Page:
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HUFFPOST SUPER USER
jamieson44
04:21 PM on 05/19/2012
As far as I know there is nothing in the Koran saying women should be fully covered. Just as in the Bible, women are to dress modestly. The now suspended Catholic mandate which required women to cover their heads had no relevance in original Bible theology. It appears all religions have been tainted and corrupted for man's own personal agenda and bear little resemblance to the original teachings, and of course we have no proof of the veracity of those either.
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Kittie King
09:47 AM on 05/21/2012
You are right - I interpret the wearing of this scarf in many western born and raised women as a "look how pious" I am show. Kind of a little display to others - I liken it to the exaggerated huge christian crosses that show up on the oversized purses, loud boots, cell phone covers - you name it - see what a good christian I am - look how big and shiny my cross is... same same.
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Stacy Ann Tucker
Liberal with a capital "L"
03:43 PM on 05/19/2012
Hollister calls their sales clerks "models" and only hires kids that fit their idealized image of potential customers. The employee at Hollister would have known that. Would she have expected to be able to wear the hijab if she was hired by Hooters?
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intellifran
I think therefore I woman:)
01:12 PM on 05/21/2012
Yeah that whole story really has nothing to do with this. She was in the wrong. She was not going to be fired for wearing her hijab in the back room, but she did not want to conform for dress code standards in the store front.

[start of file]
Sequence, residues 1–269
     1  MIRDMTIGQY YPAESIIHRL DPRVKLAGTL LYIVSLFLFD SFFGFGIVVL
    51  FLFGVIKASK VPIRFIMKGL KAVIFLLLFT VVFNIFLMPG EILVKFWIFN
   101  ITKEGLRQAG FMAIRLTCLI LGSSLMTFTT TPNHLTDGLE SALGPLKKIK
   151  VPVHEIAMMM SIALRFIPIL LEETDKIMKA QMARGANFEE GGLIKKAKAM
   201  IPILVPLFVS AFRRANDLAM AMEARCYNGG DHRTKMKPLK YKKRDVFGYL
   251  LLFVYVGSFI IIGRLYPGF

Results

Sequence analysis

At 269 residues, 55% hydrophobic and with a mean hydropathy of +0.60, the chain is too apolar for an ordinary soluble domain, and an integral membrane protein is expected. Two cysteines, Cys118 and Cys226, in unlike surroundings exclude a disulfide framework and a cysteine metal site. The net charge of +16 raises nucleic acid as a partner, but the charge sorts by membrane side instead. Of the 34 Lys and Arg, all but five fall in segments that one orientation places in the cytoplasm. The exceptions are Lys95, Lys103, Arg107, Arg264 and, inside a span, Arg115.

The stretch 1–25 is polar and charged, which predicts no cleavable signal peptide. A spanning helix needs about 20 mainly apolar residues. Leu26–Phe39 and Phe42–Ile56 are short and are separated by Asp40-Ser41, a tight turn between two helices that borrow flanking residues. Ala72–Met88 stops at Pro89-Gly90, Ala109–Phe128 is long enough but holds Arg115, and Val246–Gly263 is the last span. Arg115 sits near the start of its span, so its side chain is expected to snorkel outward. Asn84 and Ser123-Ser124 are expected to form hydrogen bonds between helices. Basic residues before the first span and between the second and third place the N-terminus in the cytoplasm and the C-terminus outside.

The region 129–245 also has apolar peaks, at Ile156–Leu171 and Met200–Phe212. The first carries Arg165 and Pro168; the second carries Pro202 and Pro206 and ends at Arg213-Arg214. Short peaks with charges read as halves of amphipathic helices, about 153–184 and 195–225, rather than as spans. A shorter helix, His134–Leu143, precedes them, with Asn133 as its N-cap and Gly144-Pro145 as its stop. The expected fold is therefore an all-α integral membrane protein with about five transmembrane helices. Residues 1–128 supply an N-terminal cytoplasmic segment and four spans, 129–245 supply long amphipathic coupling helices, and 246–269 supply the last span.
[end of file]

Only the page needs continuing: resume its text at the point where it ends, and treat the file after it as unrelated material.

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02:20 PM on 05/19/2012
Amen.
annyp
A Canuck, eh!
02:07 PM on 05/19/2012
I hate to say this, but I believe an employer has the right to introduce a dress code. Where I worked you were only allowed to wear jeans on a Friday and they couldn't be the ones with holes in them. Nowadays, you have no idea who a nun is, as they dress just like any ordinary person. Sikhs wear turbans but in some industries they are forbidden as it is a safety issue, as they have to wear hardhats. These people don't have a problem with it. I you work in a factory around machinery, you are not allowed the head scarves as they can get caught in the machinery.
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niko73
Dem belly full but we hungry
04:34 PM on 05/21/2012
I agree about employer dress codes. However, I'd give the qualifier that there must be some concrete safety or other reason for doing so. If there's no such reason, it's discrimination. However, I'm not fine with government banning burqas.
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IvyRedhead Hoffart
enjoying life in a messed-up world
01:23 PM on 05/19/2012
*claps*
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susiewatusi
Dancing around words daily...
11:25 AM on 05/19/2012
I agree with the article's idea of the invisible burqa. I disagree with its idea that the visible one is acceptable. Its is symbolic of man's misogyny; his transfer of blame for a perceived lack of control, his lack of responsibility for actions of disrespect and disregard for women.
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Joker1969
Carpe Cerevisi
08:40 AM on 05/19/2012
employers have a right to tell you what you can and can't wear while you are working for them. If you don't like it, go work for a religious organization who doesn't care what your wear. Once you carry your belief of imaginary friends into the real world, someone is going to call BS. Why do you need to cover your face while you're selling a cheeseburger? Why do you need to wear a 4 inch solid gold cross bouncing on your chest to prove you can stack papers in an office? If people quit their petty bitching over every petty incident every once in awhile we could really come together as a whole. Religion, in general, and their outdated customs and beliefs are at the base of damn near EVERY problem there is. After I bust my a-s all week working, I can't go buy myself a beer on sunday because some 'christian' says I can't..,. I don't believe in your childish, imaginary friend, I want a beer on sunday. I'm rambling now, but who cares, everyone is